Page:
Eat Troll-Caught North Pacific Albacore Tuna


This fish is good for you, plentiful, and delicious

[…] With qualities to win over the health-conscious, the food-loving gourmet types, and the environmentalists, albacore should be more widely eaten. Here’s my list of reasons to put albacore on the menu.

1. Troll-caught albacore are good for your conscience. The Monterey Bay Aquarium rates troll-caught albacore from the U.S. and Canada as a “best choice” for consumers. (Incidentally, Monterey Bay Aquarium’s Seafood Watch pocket guide for consumers is now available for iPhones and other smart phones.)

2. Troll-caught albacore are good for your health. In May of this year, the Monterey Bay Aquarium ranked troll-caught albacore from the U.S. and British Columbia as among “the best of the best” on its Super Green List, which evaluates seafood choices according to their omega-3 content and lack of environmental contaminants, including mercury and PCBs. With mercury, the size of the fish matters. Troll-caught albacore is younger and therefore smaller — less than 30 pounds per fish — with resulting lower concentrations of mercury.

3. Troll-caught albacore are a good buy. Compared to other wild-caught North Pacific fish on the market, albacore is relatively affordable. Expect to pay up to $9 a pound for fresh, and $2 to $3 more for frozen. This is still less than black cod, halibut, and most wild salmon.

4. Troll-caught albacore is good year-round, either custom canned or frozen at sea. Both are high-quality choices. Because albacore boats can stay at sea for weeks at a time, some boats blast-freeze to preserve quality, taking the fish down to minus-20 degrees. This extra-low temperature is necessary to prevent the tuna’s oil from turning rancid.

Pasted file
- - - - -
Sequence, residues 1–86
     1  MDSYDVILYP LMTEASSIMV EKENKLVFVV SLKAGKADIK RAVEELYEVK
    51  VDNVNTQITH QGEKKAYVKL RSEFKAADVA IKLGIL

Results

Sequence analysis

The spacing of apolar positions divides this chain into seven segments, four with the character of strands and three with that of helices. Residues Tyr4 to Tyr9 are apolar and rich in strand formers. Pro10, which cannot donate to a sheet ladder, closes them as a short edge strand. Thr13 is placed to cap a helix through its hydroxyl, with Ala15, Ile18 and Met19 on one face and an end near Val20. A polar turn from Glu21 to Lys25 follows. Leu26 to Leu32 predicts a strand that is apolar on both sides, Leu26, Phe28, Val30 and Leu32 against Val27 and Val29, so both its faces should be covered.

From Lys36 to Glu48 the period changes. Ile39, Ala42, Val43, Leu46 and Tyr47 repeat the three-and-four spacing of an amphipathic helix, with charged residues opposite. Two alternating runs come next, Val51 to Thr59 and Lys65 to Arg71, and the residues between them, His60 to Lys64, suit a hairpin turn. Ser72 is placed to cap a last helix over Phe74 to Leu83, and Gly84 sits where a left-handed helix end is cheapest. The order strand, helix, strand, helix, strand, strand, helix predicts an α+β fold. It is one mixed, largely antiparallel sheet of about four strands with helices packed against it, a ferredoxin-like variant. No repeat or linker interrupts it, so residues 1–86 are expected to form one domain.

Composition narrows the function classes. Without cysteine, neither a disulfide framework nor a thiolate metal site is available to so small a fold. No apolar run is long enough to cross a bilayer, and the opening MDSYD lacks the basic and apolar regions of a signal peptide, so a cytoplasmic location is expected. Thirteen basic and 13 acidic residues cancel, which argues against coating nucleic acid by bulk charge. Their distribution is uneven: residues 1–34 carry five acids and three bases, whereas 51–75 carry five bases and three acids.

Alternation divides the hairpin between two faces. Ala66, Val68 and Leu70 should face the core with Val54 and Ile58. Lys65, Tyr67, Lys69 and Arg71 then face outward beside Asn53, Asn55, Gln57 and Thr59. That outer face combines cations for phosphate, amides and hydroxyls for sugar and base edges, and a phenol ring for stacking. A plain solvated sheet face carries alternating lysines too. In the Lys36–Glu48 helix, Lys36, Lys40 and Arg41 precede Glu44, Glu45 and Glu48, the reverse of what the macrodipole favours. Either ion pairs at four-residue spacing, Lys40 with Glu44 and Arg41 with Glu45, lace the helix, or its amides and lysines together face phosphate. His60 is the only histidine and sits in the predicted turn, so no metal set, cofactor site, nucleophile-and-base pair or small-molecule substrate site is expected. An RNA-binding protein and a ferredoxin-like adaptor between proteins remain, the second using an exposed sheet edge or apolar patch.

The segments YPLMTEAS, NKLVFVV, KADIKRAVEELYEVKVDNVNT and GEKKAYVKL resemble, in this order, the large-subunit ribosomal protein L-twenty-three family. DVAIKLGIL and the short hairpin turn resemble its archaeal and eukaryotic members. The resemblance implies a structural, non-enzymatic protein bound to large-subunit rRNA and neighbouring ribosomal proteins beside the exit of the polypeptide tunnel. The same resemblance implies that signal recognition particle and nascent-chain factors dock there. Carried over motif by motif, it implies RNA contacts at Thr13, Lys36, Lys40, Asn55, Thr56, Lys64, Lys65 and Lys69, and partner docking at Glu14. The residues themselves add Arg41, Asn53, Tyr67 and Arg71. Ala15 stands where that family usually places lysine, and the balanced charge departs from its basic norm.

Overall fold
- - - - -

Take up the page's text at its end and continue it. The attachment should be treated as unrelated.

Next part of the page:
I was resistant to frozen albacore, but then I grilled some and found it nearly as good as fresh. Fresh tuna spends time on the boat before coming to port and then to market, but with the frozen albacore, I could tell by the color and neutral smell that the fish had not been out of the water long before going into the deep freeze. If frozen is your option, buy it still frozen and thaw it yourself in the refrigerator.

5. Custom-canned albacore is packed in its own juices without water or oil, and cooked only once in the canning process. It costs more — more than a dollar per ounce — but once you try custom-canned albacore, it’s hard to go back to longline albacore or skipjack.

Beige-pink in color, the canned fish tastes light and clean, not smelly or fishy, and it holds together in chunks. It comes with a small amount of naturally occurring juices, which you may wish to set aside and add to a pasta sauce. Custom-canned albacore is available online and in some grocery stores.

6. Albacore is a versatile blank slate for cooks. Just don’t overcook it. Albacore is mild, but it does well with strong partners like cherry tomatoes, black olives, capers, and lemon. I hate to say it, but those ad men nailed it when they called tuna the chicken of the sea. You can season it just about any way you want…

Full story here